Purpose To examine whether apparent advantages following training in meditation over exercise can be attributed to specific symptoms, functional impairments, or quality-of-life indicators assessed by the Wisconsin Upper Respiratory Symptom Survey (WURSS-24). Methods Results from the randomized controlled trial "Meditation or Exercise for Preventing Acute Respiratory Illness" showed mean global severity and total days of illness were worse in control (358, 8·9) compared with exercise (248, 5·1) or meditation (144, 5·0). Global severity of illness was estimated using area under the curve from daily self-reported severity scores on the WURSS-24. For this project, we estimated within-group WURSS item-level severity and between-group effect sizes (Cohen's "d" statistic) relative to control. The item-level effect sizes were grouped into (i) symptom and (ii) function and quality of life domains. Results Among the three groups, mediators showed the lowest severity estimates for 21 of 22 WURSS items. Item-level Cohen's "d" indicated most benefit was evident in WURSS items representing function and quality of life. Compared with exercise, meditation fostered larger reductions in illness severity, although due mostly to improved function and the quality of life domain (d=-0·33, P<0·001) compared with symptom domain (d=-0·22, P<0·001). Conclusions The apparent advantage of training in meditation over exercise for reducing cold and flu illness is explained more by improved function and quality of life than by a reduction in symptom severity.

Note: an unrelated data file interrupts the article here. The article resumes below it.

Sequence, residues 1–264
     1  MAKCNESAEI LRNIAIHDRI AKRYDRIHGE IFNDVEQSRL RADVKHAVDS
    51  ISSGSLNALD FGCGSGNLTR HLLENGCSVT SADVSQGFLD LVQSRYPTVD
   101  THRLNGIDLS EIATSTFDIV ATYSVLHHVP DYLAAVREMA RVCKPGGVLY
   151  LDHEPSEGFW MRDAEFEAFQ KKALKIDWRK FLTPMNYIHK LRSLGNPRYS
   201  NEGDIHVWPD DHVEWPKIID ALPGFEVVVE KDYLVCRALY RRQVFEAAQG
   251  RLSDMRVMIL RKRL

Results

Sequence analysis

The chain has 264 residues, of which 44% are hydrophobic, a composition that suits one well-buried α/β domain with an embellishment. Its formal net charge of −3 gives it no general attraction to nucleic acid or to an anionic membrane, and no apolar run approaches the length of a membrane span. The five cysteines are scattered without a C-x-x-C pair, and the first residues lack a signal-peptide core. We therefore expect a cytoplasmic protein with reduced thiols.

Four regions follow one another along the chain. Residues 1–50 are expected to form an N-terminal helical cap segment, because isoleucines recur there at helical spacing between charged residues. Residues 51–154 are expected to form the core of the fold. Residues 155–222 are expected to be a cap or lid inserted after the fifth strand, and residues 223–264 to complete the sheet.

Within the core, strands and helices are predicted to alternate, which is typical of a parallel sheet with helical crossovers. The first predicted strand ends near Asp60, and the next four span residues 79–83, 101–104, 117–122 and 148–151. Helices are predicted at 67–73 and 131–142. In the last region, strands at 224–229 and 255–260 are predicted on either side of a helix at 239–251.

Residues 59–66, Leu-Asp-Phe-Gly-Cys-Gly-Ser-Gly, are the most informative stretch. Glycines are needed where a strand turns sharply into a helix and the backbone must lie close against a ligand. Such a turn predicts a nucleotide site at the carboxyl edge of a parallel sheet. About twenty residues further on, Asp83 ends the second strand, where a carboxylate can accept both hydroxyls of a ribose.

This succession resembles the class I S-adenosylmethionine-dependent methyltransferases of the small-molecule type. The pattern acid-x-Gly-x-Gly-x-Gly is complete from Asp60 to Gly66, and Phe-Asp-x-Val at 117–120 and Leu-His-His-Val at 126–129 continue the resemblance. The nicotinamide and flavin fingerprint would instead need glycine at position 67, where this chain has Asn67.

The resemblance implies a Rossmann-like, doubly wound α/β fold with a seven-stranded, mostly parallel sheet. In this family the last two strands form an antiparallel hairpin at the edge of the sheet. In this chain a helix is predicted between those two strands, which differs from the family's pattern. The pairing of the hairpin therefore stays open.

All Science Journal Classification (ASJC) codes
- Pulmonary and Respiratory Medicine
- Public Health, Environmental and Occupational Health
- Infectious Diseases